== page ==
As an Irish-American, I get disgusted when St. Patrick’s Day is abused by obnoxious-looking “leprechauns” and people hawking green beer on the radio with fake Irish accents. It’s pure racism I tell you! Insensitive and there should be a trigger-alert so people like me don’t get offended.
Don’t mention the war.
I KNOW NOTHINK ABOUT VAR!!!!
1/4 German, 1/4 Swiss, 1/2 Czech.
German and Austrian here.
You get the double whammy. (grin)
Their Kulturkampf is the reason my ancestors came to this country from Silesia.
1/4 German (Lower Saxony and Saxony-Anhalt)
1/4 Austrian (Tyrol)
1/2 Bohemian (South Bohemia).
Descended from six generations of brewmeisters, too.
Half German, half Dutch.
I was TDY (temporary duty) in Paderborn, Germany in 1981 while stationed at the 1st Cavalry Division at Fort Hood. Dozens of Germans came up to me speaking German as if they thought I was a native. I started to think “this is probably the area of Germany that I’m from” after several weeks of this. I was NOT dressed in lederhosen.
Just to spare you pain and anguish, I’m providing you with a Trigger Alert...St Patrick’s Day is only 10 months away. Get yourself prepared.
Half-German and Half-Canadian here. I think. Dad always joked about Mom being a Blackfoot. At least I think he was joking. And Great-Great-Opa emigrated from SE Holland to Cologne sometime in the mid 1800s before winding up in the eastern outpost of Danzig where there was a lot of mingling with Poles. Frankly, I’m not too sure. But I was born in the USA, so that...makes me anything but American. Right?
Yup. The three “B”s.
What’s not to like?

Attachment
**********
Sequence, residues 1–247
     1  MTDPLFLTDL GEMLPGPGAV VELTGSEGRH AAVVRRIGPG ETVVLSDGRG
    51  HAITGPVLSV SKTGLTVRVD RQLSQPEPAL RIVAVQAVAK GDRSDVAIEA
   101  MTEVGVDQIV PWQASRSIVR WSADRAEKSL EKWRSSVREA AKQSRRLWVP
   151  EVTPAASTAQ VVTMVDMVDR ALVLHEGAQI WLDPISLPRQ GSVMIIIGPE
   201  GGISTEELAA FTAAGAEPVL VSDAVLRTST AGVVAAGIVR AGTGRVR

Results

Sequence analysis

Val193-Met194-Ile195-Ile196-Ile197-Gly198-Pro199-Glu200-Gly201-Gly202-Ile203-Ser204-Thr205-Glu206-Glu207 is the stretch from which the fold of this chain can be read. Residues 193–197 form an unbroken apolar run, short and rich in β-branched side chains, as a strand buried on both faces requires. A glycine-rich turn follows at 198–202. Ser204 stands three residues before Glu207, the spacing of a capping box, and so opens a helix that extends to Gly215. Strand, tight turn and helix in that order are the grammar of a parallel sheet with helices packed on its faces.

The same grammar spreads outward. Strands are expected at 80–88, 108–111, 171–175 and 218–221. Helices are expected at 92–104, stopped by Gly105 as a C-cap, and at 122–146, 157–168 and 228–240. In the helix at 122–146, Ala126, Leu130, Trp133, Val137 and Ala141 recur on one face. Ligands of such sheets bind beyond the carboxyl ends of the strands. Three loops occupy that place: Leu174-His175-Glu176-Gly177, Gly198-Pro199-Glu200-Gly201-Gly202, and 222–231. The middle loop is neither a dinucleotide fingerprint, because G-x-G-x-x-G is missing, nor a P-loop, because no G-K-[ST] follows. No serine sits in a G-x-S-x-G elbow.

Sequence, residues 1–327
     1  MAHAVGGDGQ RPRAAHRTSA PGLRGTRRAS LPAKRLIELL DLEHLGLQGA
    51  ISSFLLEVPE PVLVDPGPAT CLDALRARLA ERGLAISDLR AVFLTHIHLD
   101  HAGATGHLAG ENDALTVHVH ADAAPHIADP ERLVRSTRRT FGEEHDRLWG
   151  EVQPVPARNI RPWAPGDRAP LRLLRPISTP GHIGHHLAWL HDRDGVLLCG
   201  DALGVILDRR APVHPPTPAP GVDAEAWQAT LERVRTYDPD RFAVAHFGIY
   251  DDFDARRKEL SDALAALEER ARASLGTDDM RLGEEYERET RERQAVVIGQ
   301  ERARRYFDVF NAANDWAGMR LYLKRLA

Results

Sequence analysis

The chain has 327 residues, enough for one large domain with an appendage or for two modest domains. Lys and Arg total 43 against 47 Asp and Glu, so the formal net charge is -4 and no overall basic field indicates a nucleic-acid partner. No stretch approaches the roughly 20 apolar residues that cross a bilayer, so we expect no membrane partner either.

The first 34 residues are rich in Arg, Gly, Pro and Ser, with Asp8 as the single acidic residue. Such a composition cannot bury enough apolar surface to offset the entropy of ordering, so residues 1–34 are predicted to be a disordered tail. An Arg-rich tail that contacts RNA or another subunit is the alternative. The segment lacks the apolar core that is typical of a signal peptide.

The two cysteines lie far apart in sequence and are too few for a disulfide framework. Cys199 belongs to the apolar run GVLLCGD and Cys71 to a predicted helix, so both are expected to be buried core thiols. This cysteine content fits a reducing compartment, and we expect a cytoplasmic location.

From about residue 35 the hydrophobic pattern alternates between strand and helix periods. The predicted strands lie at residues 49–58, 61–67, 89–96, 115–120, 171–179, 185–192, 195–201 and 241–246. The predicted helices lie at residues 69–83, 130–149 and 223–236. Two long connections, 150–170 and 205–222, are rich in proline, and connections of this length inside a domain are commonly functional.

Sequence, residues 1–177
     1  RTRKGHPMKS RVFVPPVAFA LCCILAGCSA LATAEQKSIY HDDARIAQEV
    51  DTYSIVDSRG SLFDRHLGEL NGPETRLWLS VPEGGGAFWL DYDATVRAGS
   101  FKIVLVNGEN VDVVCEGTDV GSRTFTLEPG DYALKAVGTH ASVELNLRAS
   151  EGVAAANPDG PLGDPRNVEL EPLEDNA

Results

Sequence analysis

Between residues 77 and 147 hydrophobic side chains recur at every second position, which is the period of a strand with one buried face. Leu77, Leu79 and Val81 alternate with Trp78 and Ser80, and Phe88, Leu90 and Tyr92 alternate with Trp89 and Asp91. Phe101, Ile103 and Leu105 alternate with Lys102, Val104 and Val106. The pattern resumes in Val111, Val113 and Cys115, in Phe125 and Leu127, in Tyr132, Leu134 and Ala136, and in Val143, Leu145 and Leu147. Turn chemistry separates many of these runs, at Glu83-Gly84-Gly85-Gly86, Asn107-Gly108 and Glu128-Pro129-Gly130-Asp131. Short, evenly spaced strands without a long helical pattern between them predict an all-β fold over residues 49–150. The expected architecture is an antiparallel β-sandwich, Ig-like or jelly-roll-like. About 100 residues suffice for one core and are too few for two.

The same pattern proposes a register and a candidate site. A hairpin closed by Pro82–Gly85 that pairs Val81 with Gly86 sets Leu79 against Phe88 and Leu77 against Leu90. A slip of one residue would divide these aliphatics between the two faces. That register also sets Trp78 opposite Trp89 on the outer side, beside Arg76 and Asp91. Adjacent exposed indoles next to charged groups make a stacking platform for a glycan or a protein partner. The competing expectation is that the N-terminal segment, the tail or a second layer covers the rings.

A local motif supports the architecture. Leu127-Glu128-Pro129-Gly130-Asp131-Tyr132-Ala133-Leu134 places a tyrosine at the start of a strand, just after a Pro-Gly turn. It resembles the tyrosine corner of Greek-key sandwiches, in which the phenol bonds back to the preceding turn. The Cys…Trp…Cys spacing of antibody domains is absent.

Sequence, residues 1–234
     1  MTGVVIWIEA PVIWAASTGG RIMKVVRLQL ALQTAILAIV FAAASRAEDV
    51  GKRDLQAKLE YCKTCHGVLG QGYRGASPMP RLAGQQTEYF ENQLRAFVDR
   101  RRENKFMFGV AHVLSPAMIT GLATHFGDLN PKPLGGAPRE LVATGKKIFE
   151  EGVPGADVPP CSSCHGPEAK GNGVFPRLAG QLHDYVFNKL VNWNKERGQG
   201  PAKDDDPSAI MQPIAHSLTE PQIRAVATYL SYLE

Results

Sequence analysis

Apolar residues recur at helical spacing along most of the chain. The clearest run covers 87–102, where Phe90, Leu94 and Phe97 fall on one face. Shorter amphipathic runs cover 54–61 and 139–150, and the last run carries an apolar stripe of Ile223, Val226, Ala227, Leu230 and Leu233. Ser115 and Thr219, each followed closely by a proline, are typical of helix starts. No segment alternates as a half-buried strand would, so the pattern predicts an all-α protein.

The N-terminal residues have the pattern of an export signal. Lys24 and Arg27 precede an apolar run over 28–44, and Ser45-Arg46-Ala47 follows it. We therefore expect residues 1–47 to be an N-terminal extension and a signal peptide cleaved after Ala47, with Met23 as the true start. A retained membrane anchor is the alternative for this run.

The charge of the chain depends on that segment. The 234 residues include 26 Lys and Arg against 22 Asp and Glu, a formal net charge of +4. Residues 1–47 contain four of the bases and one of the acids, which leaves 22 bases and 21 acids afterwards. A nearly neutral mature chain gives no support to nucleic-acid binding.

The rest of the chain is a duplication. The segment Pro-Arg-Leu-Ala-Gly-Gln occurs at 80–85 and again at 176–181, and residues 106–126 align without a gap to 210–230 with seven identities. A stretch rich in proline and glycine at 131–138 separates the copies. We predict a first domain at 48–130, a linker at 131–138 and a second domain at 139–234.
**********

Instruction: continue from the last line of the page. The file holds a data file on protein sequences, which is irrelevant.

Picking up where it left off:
(All you non German-Americans need to back off)
A ruthless drinker who can’t hold his likker and a little slow to pay for a round.
I was stationed in Germany in 1982 and was driving on a back road near Hanau & pulled into a village where the road did not pass through like most. As I stopped to turn the car around in the town square I noticed there were about fifteen women there, staring at my Japanese car with U.S. plates & my Korean girlfriend riding with me.
Every last one of those women looked like my German grandmother from photos when she was young. They wore dirndls like from the 1930’s. It was eerie.
German-Slovenian-Scottish here. Unaware of any joke combinations.
100% German here. Proud of my heritage but I always consider myself American with German blood.
Gott Mitt Uns.
This is brilliant!
Finally! A day for us poor oppressed Kraut desecendents.
Even though the fam came from Hanover in the 1860s, we’ve lost a lot of connection ...Family legend is that they packed up the kids, telling teh boys “You shall not serve the Kaiser.”
At least I thought we had lost touch with our German roots until I started dating and my mom would ask the guy’s last name and then follow up with ... “Is that a German name?”